We work with you to bring your health data from EHR systems, registries, observational data records, and other health data sources onto a standard platform or common data model, such as OMOP CDM.
Data harmonization involves transferring data from a source system, often a proprietary one, to a common data representation, such as OHDSI’s OMOP Common Data Model (CDM). This process can vary in complexity depending on how the source data is structured, how the information is coded (or not coded), language, volume of data, and other factors. It is therefore essential that a structured approach is used, with the necessary commitment by all participants.
There are several steps needed to get the source data transformed to the target data model.
- The first step is to analyze the source data, in order to understand how the source data is organized, what coding systems are used, and what data is available. The mapping logic that will then be defined between the source data and the target platform (OMOP CDM or other) is based on this source data analysis, so it is crucial that the data owner and representatives (clinical, technical, and others) are involved and fully committed to this process.
- Depending on what coding systems are used, mapping the codes used in the data source to those used in the target may be straight forward (e.g. ICD10CM → SNOMED), or a more complex and longer process (e.g. in-house codes/descriptions in local language → LOINC).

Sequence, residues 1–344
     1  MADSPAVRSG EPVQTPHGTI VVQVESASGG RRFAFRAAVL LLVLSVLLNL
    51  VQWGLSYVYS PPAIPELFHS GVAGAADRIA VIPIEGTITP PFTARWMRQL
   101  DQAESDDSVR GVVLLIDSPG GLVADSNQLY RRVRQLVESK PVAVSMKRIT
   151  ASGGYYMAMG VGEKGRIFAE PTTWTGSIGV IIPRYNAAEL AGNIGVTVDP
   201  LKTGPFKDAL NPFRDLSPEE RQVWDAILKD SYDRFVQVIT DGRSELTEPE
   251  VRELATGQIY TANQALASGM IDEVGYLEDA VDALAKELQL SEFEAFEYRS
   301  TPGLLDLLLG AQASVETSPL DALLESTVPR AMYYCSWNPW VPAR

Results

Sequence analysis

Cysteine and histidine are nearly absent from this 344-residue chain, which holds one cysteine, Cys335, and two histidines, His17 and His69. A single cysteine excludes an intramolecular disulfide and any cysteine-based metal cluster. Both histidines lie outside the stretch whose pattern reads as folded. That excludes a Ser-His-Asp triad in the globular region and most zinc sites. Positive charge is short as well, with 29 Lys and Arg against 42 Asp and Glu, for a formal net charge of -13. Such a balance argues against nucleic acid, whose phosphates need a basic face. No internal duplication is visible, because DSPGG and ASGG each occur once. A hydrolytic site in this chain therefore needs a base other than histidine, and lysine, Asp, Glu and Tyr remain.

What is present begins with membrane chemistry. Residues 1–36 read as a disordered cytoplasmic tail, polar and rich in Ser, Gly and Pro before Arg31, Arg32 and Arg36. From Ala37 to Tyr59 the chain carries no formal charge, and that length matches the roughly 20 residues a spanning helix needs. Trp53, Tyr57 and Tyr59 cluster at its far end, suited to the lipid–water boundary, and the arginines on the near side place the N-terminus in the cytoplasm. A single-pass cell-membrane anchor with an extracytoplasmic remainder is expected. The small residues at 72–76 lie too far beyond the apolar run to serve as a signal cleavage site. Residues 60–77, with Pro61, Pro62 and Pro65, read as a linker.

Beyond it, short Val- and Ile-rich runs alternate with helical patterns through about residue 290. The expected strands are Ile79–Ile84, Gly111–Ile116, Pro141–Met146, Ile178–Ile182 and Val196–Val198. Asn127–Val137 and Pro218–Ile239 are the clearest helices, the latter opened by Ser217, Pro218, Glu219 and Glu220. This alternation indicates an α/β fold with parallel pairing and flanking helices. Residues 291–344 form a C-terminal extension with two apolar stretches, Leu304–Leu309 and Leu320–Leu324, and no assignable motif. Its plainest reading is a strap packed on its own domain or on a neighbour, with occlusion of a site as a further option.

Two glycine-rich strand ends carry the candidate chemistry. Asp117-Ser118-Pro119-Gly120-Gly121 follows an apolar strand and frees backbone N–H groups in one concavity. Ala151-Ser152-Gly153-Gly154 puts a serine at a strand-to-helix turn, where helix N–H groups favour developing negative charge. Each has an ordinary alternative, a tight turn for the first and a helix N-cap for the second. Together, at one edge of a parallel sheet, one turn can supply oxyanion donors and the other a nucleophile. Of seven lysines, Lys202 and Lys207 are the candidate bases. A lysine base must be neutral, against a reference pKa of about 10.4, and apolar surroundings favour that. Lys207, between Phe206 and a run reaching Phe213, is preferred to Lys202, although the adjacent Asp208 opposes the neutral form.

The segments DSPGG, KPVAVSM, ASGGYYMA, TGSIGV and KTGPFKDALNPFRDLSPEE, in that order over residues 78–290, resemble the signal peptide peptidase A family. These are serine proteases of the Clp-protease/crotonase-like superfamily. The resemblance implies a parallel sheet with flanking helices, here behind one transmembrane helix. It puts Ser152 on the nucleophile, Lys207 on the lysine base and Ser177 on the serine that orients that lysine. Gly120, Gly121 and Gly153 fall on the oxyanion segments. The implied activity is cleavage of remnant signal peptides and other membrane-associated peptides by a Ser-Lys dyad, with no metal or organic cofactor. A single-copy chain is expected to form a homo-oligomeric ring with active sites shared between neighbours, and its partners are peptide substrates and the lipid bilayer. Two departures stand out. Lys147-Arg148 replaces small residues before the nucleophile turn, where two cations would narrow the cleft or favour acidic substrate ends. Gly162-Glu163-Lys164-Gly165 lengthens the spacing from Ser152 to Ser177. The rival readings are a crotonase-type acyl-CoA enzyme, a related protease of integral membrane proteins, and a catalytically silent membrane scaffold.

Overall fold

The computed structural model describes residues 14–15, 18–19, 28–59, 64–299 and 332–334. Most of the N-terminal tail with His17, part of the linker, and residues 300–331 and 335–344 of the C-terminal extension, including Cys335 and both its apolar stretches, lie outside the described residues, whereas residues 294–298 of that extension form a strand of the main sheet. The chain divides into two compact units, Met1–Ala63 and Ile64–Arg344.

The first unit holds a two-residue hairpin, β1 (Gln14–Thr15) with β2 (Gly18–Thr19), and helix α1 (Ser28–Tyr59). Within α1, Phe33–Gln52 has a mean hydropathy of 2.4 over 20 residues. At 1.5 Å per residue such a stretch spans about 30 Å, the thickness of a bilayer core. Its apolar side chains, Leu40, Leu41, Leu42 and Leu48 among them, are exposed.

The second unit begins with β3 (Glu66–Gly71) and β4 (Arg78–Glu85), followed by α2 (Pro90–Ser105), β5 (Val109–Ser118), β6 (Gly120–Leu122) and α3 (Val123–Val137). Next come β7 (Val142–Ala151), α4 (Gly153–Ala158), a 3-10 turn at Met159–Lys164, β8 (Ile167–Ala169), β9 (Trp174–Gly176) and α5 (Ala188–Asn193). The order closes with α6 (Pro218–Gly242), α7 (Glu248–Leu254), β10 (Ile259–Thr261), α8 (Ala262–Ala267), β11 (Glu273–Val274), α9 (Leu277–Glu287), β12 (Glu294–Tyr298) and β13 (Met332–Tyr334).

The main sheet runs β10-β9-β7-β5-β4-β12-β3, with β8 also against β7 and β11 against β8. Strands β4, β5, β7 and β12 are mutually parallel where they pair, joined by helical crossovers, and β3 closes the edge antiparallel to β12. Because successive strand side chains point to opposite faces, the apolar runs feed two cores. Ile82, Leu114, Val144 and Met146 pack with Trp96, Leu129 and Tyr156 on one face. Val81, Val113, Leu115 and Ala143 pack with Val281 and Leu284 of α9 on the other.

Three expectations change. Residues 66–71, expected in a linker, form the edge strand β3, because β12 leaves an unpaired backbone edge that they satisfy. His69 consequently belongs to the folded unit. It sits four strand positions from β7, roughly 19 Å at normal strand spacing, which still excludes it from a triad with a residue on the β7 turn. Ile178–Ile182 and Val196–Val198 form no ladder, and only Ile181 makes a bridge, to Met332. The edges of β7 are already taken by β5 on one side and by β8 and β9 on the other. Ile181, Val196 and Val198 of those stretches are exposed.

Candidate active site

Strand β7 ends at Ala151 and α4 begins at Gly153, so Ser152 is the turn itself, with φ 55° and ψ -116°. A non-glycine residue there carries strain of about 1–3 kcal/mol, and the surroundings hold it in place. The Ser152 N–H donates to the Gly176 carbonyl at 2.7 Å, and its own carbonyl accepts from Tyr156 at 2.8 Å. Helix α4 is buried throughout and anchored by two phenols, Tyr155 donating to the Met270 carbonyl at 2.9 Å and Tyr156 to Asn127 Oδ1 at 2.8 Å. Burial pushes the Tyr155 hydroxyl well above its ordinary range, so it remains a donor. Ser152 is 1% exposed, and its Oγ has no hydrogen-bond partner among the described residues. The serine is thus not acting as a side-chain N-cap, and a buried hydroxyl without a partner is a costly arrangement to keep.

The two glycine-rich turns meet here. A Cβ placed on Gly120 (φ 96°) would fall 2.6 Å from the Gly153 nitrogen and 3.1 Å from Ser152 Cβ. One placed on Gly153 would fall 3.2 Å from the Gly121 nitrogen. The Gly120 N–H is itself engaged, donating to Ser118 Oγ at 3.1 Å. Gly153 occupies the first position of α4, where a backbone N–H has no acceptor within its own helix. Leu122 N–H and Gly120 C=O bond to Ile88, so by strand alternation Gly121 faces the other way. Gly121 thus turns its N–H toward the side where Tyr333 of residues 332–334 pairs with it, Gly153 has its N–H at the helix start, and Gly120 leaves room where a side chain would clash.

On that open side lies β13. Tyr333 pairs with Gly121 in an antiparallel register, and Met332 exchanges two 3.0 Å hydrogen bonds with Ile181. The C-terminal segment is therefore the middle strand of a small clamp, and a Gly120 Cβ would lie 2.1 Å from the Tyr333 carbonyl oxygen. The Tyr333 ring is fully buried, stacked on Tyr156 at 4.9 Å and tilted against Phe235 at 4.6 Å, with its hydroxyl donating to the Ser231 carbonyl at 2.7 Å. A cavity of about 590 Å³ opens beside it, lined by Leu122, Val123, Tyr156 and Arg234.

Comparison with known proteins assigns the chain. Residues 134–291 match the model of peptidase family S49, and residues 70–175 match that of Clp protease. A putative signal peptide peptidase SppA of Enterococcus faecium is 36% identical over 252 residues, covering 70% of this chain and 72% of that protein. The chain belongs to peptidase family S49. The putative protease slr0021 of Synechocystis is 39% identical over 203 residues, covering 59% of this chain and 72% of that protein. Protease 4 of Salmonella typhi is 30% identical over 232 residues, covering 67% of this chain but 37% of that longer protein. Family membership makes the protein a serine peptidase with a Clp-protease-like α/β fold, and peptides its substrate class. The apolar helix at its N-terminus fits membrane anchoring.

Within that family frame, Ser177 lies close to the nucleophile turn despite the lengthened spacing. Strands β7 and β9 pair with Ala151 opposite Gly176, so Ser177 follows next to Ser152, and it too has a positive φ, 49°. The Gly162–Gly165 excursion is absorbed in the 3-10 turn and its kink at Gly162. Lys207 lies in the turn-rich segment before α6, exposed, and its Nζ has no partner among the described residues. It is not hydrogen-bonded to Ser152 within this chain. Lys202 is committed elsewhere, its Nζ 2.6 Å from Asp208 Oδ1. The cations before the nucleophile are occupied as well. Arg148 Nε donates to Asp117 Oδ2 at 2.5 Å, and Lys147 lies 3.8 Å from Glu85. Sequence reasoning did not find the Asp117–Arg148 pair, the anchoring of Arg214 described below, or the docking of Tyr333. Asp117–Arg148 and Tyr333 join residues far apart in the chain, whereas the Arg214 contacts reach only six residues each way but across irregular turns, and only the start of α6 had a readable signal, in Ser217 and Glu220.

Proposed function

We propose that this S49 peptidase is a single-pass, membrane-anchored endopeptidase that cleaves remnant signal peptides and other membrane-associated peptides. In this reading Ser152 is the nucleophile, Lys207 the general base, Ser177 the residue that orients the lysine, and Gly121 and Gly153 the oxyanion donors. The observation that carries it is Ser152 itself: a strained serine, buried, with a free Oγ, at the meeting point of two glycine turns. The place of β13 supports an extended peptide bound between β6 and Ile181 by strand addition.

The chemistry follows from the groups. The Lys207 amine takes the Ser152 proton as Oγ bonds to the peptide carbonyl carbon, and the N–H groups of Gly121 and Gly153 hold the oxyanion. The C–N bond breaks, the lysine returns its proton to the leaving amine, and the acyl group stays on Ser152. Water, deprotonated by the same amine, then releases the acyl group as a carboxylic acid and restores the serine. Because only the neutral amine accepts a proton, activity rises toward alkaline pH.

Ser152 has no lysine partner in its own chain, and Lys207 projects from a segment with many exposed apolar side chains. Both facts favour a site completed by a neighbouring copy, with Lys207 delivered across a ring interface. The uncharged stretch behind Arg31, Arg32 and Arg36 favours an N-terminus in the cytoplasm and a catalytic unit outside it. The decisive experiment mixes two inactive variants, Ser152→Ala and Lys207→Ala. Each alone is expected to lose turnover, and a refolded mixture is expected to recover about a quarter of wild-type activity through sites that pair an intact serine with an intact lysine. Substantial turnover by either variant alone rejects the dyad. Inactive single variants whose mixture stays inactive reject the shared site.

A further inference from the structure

- When mapping logic and code mappings are available, the actual ETL (Extract – Transform – Load) script can be designed, implemented and tested – this is the code that will load the data from the source to the target, applying the mapping and logic defined.
- The ETL can then be executed by the data owner in their environment, and the quality of the process assessed – any adjustments and tweaks needed can be done, and an updated ETL again tested and assessed. Once the data owner approves the ETL and quality assessment, the ETL can be deployed and executed on the actual data at the data owner’s site.
- Depending on the assessment of available infrastructure and resources, dedicated infrastructure (e.g. servers) may need to be set up to facilitate testing and deployment.
- Finally, in order to get the most out of the harmonized data and related tools, training may be needed depending on familiarity with the target platform, such as OMOP CDM and OHDSI tools.
What can we do?
edenceHealth can perform all of the above tasks in order to implement your data harmonization project. We can also perform selected steps in collaboration with your in-house experts, perform reviews of planned or already executed tasks, and do data quality assessments both before and after a data harmonization process.
HONEUR data harmonization
We are also doing OMOP CDM data harmonization projects for the Haematology Outcomes Network in Europe (HONEUR) initiative, a Janssen-led collaboration to create a federated network of Haematology centers across Europe and beyond.
Other data harmonization projects
Our team has experience from multiple data harmonization projects towards the OMOP CDM platform, as well as extensive experience working with life science data, rare diseases data, medical claims data, and ETL projects in general.